Division of Agriculture and Natural Resources
Division of Agriculture and Natural Resources
Division of Agriculture and Natural Resources
University of California
Division of Agriculture and Natural Resources

Can harvesting Christmas trees help the forest?

California forests are overstocked with conifers, and California residents want to decorate their homes during the holiday season with Christmas trees. The smart harvest of Christmas trees can kill two birds with one stone, according to UC Cooperative Extension forestry advisor Susie Kocher. Kocher spoke to Capital Public Radio reporter Ezra David Romero about the prospect of thinning the forest by taking home trees.

Smart harvest of Christmas trees can help thin the forest. (Photo: USDA)

"It's a great win-win solution," Kocher said. "You get the public out in the forest, you do good work reducing the density of trees."

Kocher, who lives in Lake Tahoe, holds a family Christmas tree harvest party every year. With $10 permits from the Lake Tahoe Basin Management Unit, they trek through snow to select their trees. This year the management unit sold 2,000 permits. Kocher believes the program could be ramped up to further benefit forests.

“By removing some of the smaller trees, we are doing some of the work,” Kocher said. If left in place, the small trees grow larger, and more human resources, equipment and funds are needed to remove them. Moreover, the income from permit sales can be used for other forest-thinning projects.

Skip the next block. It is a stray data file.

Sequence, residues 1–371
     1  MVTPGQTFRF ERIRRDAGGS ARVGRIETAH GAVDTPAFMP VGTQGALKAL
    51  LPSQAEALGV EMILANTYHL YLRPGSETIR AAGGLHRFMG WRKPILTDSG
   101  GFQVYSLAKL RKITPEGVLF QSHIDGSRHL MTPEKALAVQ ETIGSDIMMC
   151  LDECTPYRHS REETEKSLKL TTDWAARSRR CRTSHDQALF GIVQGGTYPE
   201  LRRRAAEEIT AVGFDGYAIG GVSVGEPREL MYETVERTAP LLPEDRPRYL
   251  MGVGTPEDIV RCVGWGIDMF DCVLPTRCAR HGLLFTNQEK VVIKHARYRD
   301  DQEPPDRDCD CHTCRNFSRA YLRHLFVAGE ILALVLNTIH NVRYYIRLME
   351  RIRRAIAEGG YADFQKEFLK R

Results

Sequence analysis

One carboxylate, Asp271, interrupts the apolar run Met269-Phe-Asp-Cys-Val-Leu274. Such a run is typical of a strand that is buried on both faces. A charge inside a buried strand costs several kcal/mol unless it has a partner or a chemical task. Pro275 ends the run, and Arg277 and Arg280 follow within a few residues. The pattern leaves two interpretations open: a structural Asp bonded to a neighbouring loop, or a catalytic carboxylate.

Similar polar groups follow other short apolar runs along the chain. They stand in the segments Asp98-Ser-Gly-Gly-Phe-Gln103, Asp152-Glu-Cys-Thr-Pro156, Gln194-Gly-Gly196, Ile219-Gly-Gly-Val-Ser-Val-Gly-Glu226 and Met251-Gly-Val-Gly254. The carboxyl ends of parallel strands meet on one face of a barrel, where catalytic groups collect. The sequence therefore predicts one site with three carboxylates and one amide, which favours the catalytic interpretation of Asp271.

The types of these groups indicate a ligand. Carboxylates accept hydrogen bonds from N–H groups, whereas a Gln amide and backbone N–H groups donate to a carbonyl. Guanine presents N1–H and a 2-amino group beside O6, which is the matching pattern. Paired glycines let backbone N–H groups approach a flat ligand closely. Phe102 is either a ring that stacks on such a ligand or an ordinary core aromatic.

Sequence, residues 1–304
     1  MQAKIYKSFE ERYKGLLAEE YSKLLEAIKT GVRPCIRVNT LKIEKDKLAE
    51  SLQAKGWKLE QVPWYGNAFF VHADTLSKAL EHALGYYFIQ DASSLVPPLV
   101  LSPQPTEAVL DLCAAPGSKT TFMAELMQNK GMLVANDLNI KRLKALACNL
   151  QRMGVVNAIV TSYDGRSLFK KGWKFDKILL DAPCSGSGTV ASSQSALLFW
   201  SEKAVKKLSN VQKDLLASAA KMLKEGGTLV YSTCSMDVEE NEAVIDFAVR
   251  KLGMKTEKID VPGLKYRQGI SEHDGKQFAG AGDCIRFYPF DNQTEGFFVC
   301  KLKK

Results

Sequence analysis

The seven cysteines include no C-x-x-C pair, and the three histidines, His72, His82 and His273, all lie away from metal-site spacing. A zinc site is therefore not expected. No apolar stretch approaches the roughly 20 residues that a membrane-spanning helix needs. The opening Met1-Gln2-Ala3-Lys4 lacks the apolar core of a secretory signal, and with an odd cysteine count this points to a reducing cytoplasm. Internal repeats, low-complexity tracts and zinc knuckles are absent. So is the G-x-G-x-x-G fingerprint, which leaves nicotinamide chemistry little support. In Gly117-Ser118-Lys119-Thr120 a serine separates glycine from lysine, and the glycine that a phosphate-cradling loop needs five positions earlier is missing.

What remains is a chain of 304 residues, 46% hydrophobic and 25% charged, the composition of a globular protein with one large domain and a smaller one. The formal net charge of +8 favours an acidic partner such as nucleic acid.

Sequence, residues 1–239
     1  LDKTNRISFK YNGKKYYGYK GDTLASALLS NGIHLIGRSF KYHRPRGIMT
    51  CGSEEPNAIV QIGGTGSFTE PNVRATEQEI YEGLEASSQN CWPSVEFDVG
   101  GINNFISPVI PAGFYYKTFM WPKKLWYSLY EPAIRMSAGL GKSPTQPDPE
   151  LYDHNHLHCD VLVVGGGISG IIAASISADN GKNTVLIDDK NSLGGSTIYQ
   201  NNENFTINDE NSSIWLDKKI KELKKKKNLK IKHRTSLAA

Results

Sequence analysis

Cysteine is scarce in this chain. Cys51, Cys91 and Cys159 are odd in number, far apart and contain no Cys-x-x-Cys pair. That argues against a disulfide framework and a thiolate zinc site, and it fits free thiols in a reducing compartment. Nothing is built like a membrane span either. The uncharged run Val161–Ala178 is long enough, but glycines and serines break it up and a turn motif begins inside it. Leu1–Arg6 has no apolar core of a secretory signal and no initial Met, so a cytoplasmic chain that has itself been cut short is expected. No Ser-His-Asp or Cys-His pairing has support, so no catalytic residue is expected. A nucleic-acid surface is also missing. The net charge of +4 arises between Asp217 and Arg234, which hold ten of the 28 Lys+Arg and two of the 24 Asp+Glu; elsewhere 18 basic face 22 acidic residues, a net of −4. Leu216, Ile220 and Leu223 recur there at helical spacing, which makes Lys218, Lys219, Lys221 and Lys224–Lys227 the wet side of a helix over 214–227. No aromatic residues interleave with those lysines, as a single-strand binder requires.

However, some foresters are skeptical that harvesting Christmas trees is a realistic solution to management of California forests.

“It's great to have the masses come up during the holiday season full of mirth and cheer,” said Joseph Flannery with the Tahoe National Forest. “But I don't think there's the infrastructure in place to really make a dent in the hazardous fuels reduction needed.”

This story was also covered for KTVU Fox Channel 2 in the Bay Area by Lisa Fernandez. 

“You need a 4-wheel drive, and yes, you trudge through snow,” Kocher said. “It's not for everyone. But for those who want that adventure, it's super fun. I do it because I don't think there's a substitute for a real tree in the house. And we always turn it into a family party.”

Besides, she said, “I feel good about removing excess small trees.”

Posted on Thursday, December 6, 2018 at 3:05 PM
Focus Area Tags: Environment

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